Writing is the way I figure things out.

I don’t function very well if I don’t do it.

After my 33-year-old husband, a well-known rock cellist, drowned in Lake Geneva, Switzerland while touring with singer Regina Spektor, I found myself searching for meaning in the intersection of fresh widowhood and young motherhood. I documented both at Dear Audrey, a blog where I shared my grieving process. An excerpt was published in the NY Times. A lot of things became unknown to me during that time: marriage, mothering, faith, and language itself. I’m working on a memoir about all of that.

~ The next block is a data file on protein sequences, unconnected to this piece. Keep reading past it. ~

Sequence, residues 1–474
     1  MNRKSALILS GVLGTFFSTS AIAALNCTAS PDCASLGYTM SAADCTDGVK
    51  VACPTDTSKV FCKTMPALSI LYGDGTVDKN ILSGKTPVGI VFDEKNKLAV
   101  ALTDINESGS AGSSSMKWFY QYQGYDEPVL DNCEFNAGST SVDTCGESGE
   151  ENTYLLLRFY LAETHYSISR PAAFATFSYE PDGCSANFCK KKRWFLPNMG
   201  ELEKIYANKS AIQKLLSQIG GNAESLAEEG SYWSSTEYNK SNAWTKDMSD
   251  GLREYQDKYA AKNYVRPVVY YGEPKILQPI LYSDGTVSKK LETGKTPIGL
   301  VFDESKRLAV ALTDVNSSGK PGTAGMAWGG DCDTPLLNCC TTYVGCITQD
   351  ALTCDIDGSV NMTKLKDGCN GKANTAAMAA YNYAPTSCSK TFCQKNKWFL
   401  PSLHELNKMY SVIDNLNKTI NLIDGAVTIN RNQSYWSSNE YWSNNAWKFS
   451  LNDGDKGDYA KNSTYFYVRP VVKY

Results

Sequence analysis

I write on themes of love and loss, time and memory, faith and doubt, intuition and synchronicity, and hope as a way of knowing. I also enjoy writing subversive or thought-provoking cultural commentary, and making the things we’ve become accustomed to take on their proper strangeness again. I’ve been published in the NY Times, The Washington Post, and The Atlantic, among others.


Write as if you were dying. At the same time, assume you write for an audience consisting solely of terminal patients. That is, after all, the case.

Annie Dillard

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